Burn those bedsheets, rip up that carpet and um, donate your flashy clothes.
The latest research from scientists at the University of Nottingham suggests that environmental contaminants found in your common home could be the reason why male fertility rates have been in free fall over the last eighty years.
The latest study published in Scientific Reports identifies two specific human-made chemicals that could be causing this to happen. One of them is the common plasticiser known as DEHP which is widely found in home ware including carpets, flooring, furniture upholstery and even the clothes on your back. The other chemical is the industrial substance known as polychlorinated biphenyl 153, which although banned globally, is still widely detectable in today’s environment – including food.
Oddly enough the researchers tied their latest findings to a previous study which displayed the same effects on male domestic dogs, leading them to question whether modern day chemicals in the home were partly to blame.
“This new study supports our theory that the domestic dog is indeed a ‘sentinel’ or mirror for human male reproductive decline and our findings suggest that human-made chemicals that have been widely used in the home and working environment may be responsible for the fall in sperm quality reported in both man and dog that share the same environment,” said the study’s Associate Professor, Richard Lea.
“Our previous study in dogs showed that the chemical pollutants found in the sperm of adult dogs, and in some pet foods, had a detrimental effect on sperm function at the concentrations previously found in the male reproductive tract. This new study is the first to test the effect of two known environmental contaminants, DEHP and PCB153, on both dog and human sperm in vitro, in the same concentrations as found in vivo.”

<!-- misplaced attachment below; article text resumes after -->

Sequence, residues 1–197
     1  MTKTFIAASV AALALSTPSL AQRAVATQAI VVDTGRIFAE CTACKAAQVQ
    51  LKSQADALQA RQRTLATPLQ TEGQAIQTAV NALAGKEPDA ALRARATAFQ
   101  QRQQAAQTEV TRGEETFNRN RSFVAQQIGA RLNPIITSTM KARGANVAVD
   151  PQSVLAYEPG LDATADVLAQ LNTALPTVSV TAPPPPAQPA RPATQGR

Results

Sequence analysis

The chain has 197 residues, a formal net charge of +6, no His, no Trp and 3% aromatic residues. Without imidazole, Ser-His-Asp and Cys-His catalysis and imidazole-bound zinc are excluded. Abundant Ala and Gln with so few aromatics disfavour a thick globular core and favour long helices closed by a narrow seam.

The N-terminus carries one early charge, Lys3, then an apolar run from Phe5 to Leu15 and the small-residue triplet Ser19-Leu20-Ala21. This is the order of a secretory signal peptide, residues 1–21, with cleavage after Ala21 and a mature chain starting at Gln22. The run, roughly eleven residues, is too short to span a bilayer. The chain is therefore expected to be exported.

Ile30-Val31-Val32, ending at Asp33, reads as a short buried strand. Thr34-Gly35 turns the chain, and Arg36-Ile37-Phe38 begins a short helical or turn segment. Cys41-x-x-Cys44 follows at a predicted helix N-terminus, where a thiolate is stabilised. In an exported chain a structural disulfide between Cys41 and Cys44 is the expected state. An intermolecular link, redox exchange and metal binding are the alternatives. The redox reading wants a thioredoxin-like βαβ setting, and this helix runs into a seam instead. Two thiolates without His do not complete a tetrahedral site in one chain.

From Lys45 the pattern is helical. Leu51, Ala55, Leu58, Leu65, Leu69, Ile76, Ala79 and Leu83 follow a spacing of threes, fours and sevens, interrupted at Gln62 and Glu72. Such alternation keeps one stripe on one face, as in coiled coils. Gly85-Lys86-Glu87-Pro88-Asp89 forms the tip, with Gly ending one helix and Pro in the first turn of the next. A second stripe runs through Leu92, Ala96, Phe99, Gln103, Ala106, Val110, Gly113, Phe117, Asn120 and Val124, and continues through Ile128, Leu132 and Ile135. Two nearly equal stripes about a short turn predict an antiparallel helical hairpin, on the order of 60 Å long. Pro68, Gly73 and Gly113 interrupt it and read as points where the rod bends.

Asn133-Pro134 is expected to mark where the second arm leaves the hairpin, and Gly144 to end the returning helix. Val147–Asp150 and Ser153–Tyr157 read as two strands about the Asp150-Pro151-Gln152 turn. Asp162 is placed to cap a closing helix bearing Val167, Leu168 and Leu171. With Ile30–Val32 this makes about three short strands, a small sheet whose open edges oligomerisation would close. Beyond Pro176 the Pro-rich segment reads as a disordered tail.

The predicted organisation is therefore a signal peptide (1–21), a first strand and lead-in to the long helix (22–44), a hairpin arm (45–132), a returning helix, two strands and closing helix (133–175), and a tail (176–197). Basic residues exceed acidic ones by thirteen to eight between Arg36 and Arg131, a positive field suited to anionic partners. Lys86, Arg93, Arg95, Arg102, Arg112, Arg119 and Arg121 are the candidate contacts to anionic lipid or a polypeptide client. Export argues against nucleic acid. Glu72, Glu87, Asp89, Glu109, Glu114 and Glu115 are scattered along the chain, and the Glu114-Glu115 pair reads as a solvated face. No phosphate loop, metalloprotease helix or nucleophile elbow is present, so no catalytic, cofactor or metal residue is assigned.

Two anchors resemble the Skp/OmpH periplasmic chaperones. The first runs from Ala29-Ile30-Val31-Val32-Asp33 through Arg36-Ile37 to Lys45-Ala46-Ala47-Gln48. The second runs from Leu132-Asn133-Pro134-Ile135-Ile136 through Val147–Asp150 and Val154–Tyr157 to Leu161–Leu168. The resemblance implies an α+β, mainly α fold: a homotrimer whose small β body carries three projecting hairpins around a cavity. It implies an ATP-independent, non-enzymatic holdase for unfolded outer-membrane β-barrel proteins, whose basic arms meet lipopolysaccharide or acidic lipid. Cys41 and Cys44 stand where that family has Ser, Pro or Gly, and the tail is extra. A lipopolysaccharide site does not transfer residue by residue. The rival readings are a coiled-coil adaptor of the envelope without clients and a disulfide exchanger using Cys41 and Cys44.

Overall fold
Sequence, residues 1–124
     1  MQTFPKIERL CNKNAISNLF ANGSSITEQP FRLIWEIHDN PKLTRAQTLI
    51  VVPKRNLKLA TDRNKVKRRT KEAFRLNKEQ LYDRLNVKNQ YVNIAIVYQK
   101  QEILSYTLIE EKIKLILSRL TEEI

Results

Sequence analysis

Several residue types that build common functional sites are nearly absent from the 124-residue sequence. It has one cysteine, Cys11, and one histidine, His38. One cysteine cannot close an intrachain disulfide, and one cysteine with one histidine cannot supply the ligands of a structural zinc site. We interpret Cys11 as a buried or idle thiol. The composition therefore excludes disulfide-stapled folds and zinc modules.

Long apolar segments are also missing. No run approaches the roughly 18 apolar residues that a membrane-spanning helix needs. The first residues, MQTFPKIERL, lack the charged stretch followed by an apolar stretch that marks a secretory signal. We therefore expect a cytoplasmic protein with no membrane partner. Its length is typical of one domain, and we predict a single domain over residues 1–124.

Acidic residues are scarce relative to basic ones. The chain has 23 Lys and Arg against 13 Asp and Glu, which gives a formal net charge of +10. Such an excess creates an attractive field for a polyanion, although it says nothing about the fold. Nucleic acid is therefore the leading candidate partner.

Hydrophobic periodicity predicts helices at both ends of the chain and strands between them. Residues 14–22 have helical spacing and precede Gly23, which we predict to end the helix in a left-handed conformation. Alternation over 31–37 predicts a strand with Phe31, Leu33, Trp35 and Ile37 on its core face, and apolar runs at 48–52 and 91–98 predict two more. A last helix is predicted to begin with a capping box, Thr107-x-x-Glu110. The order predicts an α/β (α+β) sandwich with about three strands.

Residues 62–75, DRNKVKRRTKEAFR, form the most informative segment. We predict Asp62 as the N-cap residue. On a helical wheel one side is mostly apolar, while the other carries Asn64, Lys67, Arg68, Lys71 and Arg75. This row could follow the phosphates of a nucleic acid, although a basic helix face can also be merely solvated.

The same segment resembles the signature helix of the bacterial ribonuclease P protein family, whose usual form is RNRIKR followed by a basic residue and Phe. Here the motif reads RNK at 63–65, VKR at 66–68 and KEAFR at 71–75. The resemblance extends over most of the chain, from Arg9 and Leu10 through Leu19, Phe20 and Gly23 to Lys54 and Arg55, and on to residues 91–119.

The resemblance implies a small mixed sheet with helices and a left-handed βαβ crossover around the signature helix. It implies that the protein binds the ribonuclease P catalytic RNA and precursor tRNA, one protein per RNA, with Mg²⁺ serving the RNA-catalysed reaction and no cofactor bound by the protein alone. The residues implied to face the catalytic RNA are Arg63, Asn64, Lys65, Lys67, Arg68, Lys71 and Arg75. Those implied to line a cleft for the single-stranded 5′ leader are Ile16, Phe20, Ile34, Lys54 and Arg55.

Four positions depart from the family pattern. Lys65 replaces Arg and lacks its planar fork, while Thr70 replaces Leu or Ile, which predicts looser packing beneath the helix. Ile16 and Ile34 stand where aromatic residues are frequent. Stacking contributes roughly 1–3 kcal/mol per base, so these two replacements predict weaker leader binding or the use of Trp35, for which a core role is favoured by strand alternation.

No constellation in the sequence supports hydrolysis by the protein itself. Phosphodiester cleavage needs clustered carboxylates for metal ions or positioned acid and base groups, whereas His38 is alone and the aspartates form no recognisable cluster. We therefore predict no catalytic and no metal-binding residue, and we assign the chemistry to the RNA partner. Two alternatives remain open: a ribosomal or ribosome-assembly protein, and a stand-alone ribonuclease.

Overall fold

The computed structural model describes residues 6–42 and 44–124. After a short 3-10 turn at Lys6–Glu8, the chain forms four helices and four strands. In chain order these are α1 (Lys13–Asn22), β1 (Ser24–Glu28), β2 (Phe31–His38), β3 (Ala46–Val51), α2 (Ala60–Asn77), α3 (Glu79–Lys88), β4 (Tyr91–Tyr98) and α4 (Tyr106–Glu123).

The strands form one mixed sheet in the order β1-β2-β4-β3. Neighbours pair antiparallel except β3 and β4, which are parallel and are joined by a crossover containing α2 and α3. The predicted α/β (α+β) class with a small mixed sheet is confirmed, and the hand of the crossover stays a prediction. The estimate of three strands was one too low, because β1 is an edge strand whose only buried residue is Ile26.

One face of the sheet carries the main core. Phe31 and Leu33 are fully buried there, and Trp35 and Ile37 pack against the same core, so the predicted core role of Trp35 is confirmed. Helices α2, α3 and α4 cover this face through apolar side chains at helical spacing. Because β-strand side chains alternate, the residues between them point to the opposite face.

Rebecca Sumner who is the PhD student behind the experimental work has even more bad news for men. She found that in both cases and both subjects (human and dog), the effect was reduced sperm motility and increased fragmentation of DNA.
“We know that when human sperm motility is poor, DNA fragmentation is increased and that human male infertility is linked to increased levels of DNA damage in sperm. We now believe this is the same in pet dogs because they live in the same domestic environment and are exposed to the same household contaminants,” she explained.
“This means that dogs may be an effective model for future research into the effects of pollutants on declining fertility, particularly because external influences such as diet are more easily controlled than in humans.”
But before you run off the become a recluse living your best naked life in the wild, Professor Gary England who heads the School of Veterinary Medicine says that the levels of the two suspected chemicals are dependent on where you live.
“Since environmental pollutants largely reflect a Western way of life such as the effects of industry, the chemicals present in the environment are likely to depend on the location. An important area of future study is to determine how the region in which we live may effect sperm quality in both man and dog.”
In other words, run off to become a recluse living your best naked life in the wild.